Though Pius XII established this feast in 1954. But Mary’s queenship has roots in Scripture. At the Annunciation, Gabriel announced that Mary’s Son would receive the throne of David and rule forever. At the Visitation, Elizabeth calls Mary “mother of my Lord.” As in all the mysteries of Mary’s life, Mary is closely associated with Jesus: Her queenship is a share in Jesus’ kingship. We can also recall that in the Old Testament the mother of the king has great influence in court.
Pope St. Pius X (1903-1914) Perhaps nowhere in the history of the Church is there a better example of a man possessed of so many of the saintly virtues—piety, charity, deep humility, pastoral zeal, and simplicity—than in Pope St. Pius X.
Saint Bernard of Clairvaux was the founding abbot of Clairvaux Abbey in Burgundy, was one of the most commanding Church leaders in the first half of the twelfth century as well as one of the greatest spiritual masters of all times and the most powerful propagator of the Cistercian reform. Bernard died at Clairvaux on 20 August 1153. He was canonized by Pope Alexander III on 18 January 1174. Pope Pius VII declared him a Doctor of the Church in 1830.
Saint John Eudes, was a French missionary and priest, who founded the Congregation of Jesus and Mary and the Sisters of Our Lady of Charity of the Refuge, and was the author of the propers for the Mass and Divine Office of the Sacred Hearts of Jesus and Mary.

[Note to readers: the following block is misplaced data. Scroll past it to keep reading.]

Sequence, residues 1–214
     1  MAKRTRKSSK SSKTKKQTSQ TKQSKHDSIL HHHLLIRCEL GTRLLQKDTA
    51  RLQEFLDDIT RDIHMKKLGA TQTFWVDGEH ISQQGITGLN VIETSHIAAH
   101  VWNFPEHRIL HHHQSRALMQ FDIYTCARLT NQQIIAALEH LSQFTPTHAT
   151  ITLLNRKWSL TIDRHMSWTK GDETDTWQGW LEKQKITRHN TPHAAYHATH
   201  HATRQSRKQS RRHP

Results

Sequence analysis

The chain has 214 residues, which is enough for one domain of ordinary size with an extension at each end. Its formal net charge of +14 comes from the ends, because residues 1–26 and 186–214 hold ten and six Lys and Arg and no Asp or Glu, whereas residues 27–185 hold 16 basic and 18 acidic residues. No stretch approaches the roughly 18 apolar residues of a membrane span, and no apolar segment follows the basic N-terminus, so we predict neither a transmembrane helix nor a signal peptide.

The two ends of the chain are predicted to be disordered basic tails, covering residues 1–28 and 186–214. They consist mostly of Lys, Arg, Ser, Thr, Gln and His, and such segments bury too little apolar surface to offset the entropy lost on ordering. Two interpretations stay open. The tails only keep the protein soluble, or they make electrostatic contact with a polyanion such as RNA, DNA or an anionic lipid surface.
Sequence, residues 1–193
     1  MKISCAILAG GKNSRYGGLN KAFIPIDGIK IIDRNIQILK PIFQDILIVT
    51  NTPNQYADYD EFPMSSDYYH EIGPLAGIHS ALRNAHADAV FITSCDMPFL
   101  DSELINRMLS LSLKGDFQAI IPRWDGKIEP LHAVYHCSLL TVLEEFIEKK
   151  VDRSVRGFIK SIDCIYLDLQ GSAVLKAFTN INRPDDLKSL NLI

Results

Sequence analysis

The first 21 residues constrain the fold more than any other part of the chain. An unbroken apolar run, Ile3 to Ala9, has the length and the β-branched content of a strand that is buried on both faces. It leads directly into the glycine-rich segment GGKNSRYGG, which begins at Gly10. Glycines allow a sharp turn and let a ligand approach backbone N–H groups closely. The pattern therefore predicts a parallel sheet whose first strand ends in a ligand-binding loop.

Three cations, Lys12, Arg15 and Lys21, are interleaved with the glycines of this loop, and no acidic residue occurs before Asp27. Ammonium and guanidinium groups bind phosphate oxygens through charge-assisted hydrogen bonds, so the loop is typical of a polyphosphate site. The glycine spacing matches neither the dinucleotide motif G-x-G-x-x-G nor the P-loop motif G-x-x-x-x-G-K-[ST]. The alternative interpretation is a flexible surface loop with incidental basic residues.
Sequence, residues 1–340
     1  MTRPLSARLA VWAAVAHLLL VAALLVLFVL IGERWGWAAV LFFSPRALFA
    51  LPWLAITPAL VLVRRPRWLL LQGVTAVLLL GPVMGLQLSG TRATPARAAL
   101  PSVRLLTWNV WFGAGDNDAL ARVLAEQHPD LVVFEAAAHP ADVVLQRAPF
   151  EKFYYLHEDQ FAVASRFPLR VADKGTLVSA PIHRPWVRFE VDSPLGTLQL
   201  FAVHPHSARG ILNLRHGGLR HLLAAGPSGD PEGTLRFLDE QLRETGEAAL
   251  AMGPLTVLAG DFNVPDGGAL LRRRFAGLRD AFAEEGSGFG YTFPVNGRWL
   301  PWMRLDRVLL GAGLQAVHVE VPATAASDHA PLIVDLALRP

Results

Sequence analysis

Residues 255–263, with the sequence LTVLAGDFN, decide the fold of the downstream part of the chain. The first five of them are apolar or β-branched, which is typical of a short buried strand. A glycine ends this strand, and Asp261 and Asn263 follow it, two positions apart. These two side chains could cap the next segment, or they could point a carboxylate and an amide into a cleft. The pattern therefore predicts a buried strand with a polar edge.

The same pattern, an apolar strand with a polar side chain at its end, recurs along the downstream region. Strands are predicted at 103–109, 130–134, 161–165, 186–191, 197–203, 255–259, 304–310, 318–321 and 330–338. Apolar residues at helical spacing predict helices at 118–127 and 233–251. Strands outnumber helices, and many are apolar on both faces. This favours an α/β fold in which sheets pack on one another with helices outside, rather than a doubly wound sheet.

Saint Helena was the Empress Mother of Constantine the Great under whose patronage many churches in Rome and in the Holy Land, including the Church of the Holy Sepulcher and the Church of the Nativity were built. On a pilgrimage to the Holy Land, Helena discovered the True Cross. Patroness of Archaeologists
Saint Mamas (2nd c.) is ranked by the Greeks among the great martyrs. Born in prison to parents who had been jailed because they were Christian, Mamas became an orphan when his parents were executed. After his parents' death, Mamas was raised by a rich widow named Ammia, who died when he was 15 years old.
Saint Stephen the Great (977-1038), was the son of the Magyar chieftain Geza, Stephen succeeded him as leader in 997. Already raised a Christian, in 996 he wed the daughter of Duke Henry II of Bavaria and devoted much of his reign to the promotion of the Christian faith.
August 15 is the day that Catholics have long celebrated what is called the Dormition (falling asleep) or Assumption of the Virgin Mary. The Feast of the Assumption celebrates both the happy departure of Mary from this life by her natural death, and her assumption bodily into heaven. Along with the Feast of the Immaculate Conception (December 8th) the Assumption is a principal feast of the Blessed Virgin and a Holy Day of Obligation -- one of the most important feasts of the Church year.
Saint Maximilian Kolbe was a Polish Conventual Franciscan friar who volunteered to die in place of a stranger in the Nazi concentration camp of Auschwitz in Poland.
Pope Saint Pontian who reigned from 230-235 holds the distinction of being the first pontiff to abdicate. Perhaps a Roman by birth, he was elected to succeed St. Urban I and devoted much of his reign to upholding the condemnation of the heretical aspects of Origenism and struggled against the schismatic movement which supported the antipope St. Hippolytus.